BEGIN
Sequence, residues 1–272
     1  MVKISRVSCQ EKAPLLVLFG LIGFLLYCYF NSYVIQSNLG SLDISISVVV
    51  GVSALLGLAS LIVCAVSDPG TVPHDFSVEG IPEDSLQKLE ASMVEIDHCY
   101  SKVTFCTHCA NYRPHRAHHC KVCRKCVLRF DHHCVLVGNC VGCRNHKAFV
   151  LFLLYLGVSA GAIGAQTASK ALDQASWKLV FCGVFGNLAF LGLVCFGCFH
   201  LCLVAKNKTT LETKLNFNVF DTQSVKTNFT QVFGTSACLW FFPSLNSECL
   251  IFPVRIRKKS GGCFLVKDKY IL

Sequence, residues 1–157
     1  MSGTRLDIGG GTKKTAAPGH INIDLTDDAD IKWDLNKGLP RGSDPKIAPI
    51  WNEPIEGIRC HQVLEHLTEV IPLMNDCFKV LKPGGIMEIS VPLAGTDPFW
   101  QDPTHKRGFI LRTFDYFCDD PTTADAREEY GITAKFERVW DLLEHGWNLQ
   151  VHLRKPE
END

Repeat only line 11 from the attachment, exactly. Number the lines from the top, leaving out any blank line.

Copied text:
   101  QDPTHKRGFI LRTFDYFCDD PTTADAREEY GITAKFERVW DLLEHGWNLQ